Allocate a Budget to Ward Off 'Digital Dark Age'

Paul Mah

I was reading an article titled 10 Tips to Preserve Data for the Long Haul on Network World when I was reminded of the need to budget for long-term storage. You see, while digital storage has been viewed as nirvana in terms of high-fidelity archival, it is a relatively new format compared to microfilms and other long-term archival methods.While it is true that maintenance cost of digital medium is generally low, many make the mistake of assuming that it is zero maintenance -- which cannot be further from the truth.


In a report titled 'Digital Dark Age' May Doom Some Data, the University of Illinois' Jerome P. McDonough warned that electronic data is considered ephemeral compared with physical books, journals or even pieces of art. The result could be a "digital dark age," where the ever-shifting platforms and file formats render huge swathes of old data permanently inaccessible.


Think about it: Would you be able to make sense of a WordPerfect file or retrieve data from an 8-inch floppy disk today? While a floppy disk is ancient where technology is concerned, are 30-odd years so long in terms of data archival? Far shorter yet would be the lifespan for less popular storage medium such as Iomega's Zip drives, or LS-120 super-floppy disk drive. Compaq's product manager for commercial desktops, James Griffiths, was once quoted as saying about the super-floppy, "We see it as the next floppy standard." That was in 2001 -- I wonder if you've even heard of it.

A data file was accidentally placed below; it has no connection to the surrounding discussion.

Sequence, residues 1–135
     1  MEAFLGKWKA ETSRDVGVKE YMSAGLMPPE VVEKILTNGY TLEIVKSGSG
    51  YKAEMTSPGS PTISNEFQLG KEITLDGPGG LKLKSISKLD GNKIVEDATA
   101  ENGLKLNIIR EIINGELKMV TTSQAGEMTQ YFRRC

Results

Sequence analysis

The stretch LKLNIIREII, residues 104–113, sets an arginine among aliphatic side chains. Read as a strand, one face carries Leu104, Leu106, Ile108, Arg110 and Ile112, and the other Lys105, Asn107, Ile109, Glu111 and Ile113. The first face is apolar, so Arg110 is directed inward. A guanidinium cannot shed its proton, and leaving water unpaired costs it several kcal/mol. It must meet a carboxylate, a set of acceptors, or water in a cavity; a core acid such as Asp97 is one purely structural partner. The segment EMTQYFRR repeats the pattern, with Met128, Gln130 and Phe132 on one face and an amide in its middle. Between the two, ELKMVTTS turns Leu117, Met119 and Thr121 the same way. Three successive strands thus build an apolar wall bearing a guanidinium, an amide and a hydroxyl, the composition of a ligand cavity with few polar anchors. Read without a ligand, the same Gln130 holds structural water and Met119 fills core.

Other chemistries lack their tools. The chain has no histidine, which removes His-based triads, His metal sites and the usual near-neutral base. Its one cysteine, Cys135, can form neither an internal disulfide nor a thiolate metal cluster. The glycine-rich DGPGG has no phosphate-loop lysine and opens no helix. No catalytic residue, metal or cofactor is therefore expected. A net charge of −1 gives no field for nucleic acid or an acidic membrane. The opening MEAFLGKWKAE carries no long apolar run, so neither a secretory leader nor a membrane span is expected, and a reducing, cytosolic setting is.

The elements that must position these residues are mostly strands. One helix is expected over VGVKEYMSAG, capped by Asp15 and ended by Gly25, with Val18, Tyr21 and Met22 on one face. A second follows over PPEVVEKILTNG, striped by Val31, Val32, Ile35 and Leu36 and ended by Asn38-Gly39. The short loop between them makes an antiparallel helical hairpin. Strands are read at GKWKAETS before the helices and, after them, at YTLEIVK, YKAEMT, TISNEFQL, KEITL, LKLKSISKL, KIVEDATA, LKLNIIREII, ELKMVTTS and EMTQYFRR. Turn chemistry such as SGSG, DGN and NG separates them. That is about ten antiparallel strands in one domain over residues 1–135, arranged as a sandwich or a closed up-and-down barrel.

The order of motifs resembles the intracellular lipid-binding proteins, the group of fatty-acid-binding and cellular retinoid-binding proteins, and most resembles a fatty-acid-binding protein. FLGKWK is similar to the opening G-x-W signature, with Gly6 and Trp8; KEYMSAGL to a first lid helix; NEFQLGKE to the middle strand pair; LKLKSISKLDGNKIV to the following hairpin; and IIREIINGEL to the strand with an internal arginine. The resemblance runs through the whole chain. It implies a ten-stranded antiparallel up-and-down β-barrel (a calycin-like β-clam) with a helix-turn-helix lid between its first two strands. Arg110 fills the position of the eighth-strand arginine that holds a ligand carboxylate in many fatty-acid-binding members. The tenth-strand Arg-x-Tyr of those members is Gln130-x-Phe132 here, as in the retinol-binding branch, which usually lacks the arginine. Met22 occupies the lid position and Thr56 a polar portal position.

Also, do you know that certain storage medium such as optical discs -- think recordable CDs and DVDs -- can suffer from a problem called bit rot? Essentially the material in which the data is being stored suffers an irreversible chemical breakdown. And yes, it is actually common enough that they actually created a name for this phenomenon.


There is still much to be learned about storing data in the digital medium. Ultimately though, SMBs will do well to allocate resources to ensure that older data remains viable. In the event of optical and tape media, it will do well to make fresh copies on new discs or cartridges after a certain number of years.

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